Pros & Cons of Tankless Water Heaters: What’s Right for Your Home?
Tankless water heaters are all the rage in San Francisco. With the upcoming ban on all gas water heater sales in the Bay Area starting in 2027, many homeowners are proactively searching for their next replacement. Of course, electric water heaters with storage tanks are an option, too. So, what are the pros and cons of going tankless? Could it be the right solution for your home?
At George Salet Plumbing, we’re thrilled to be the Bay Area’s trusted tankless water heater experts. The benefits of tankless models are almost too many to name. That said, there are a few important considerations that homeowners should make when they’re weighing tankless water heaters vs. tank styles.
Understanding Tankless Systems
How Tankless Water Heaters Work
Tankless water heaters, also known as on-demand water heaters, heat water instantly as needed. They do this by passing water through a powerful heat exchanger, transferring heat from either a gas burner or an electric element. This process kicks in the moment you turn on your faucet, shower, washing machine, or dishwasher.
Because hot water isn’t constantly being held to temperature or losing heat out of the tank, these systems are much more energy efficient.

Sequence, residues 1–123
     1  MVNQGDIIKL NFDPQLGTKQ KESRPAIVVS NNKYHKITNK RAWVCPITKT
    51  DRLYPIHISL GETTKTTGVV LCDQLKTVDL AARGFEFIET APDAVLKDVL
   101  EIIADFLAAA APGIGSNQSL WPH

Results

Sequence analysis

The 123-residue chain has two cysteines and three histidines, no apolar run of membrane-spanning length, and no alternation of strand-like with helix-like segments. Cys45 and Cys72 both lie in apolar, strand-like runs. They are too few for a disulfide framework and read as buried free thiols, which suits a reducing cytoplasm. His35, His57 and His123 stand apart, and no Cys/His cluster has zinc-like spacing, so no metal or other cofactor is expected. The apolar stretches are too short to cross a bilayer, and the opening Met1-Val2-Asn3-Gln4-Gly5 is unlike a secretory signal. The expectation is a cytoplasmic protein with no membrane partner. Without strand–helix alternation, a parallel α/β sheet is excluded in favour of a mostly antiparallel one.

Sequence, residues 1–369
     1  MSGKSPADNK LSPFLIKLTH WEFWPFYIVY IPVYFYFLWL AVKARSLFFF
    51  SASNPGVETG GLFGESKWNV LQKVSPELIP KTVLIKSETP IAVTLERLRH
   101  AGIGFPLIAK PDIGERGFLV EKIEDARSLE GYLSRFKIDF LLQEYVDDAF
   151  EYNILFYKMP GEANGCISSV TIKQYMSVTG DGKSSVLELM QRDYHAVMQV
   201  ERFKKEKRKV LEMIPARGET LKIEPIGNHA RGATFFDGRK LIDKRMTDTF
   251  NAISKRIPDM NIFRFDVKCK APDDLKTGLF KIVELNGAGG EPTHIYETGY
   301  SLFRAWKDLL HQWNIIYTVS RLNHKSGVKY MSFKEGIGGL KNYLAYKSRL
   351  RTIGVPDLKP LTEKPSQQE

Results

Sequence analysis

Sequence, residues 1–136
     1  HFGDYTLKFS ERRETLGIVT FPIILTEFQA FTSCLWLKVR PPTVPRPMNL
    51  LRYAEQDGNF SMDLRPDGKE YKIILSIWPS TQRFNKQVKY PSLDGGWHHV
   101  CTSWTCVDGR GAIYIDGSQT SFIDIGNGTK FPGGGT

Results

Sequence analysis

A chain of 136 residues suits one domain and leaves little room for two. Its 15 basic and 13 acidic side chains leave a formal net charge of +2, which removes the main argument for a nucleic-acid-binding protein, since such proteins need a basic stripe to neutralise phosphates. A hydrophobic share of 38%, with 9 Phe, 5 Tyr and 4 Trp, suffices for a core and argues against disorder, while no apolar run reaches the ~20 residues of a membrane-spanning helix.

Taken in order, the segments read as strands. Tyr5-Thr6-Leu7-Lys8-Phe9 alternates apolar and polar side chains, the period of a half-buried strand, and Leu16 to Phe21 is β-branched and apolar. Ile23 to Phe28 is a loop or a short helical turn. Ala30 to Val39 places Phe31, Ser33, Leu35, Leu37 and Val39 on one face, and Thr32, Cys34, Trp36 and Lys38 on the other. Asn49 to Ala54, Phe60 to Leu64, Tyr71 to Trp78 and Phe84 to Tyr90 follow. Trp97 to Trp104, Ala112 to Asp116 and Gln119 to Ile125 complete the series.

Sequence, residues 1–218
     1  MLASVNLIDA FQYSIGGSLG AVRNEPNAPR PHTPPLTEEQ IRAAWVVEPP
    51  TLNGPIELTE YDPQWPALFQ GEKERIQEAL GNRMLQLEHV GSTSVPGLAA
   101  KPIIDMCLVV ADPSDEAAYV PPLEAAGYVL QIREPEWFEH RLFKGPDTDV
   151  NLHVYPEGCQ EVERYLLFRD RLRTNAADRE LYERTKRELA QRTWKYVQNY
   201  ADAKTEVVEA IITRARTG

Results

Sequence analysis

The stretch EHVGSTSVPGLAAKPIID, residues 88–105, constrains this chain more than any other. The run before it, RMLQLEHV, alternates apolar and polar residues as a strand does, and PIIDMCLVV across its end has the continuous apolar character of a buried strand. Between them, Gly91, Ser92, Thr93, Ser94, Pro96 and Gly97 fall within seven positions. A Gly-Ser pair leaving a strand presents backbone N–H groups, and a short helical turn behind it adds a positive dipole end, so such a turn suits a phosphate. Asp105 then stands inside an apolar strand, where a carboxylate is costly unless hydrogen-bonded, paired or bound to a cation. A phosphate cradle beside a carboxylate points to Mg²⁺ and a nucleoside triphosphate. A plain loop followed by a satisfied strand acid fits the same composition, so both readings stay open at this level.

Gas or Electricity?
Tankless types of water heaters can use either fuel source. But while gas burners tend to get a little hotter, they are overall less efficient than electric models.
Benefits of Going Without a Storage Tank
Endless hot water supply on-demand
More energy-efficient than storage hot water heaters
Reduced hot water wait times
Smaller footprint ideal for space-saving
Durable and long-lasting (up to 20 years, often with manufacturer warranties up to 15 years)
Tankless Water Heaters vs. Traditional Storage Tank Water Heaters
Even the most energy-efficient tank-style water heaters struggle to match the environmental impact of tankless systems. Storage tanks are vulnerable to leaks, and some amount of heat is always lost while the hot water sits in the tank. Tankless systems only heat the water you need instead of wasting energy keeping tens of gallons of water hot at all times.
Initial Costs & Long-Term Savings
Tankless systems are more expensive to install upfront, it’s true. Especially if you’re switching to tankless or to electric for the first time, you’ll have to factor in electrical work and additional labor costs. Average water heater replacement costs in California range from $2,000-4,000, depending on the type, size, and complexity of the project.
However, according to Energy Star, a tankless water heater can save you up to 30% on your utility bills. This means that if you spend $100 per month on your water heater, you could save $30 per month by switching to a tankless water heater.
The payback period for a tankless water heater can be long, but because these systems are more durable and long-lasting, it may very well be worth it for those who use a lot of hot water.
Space & Placement Constraints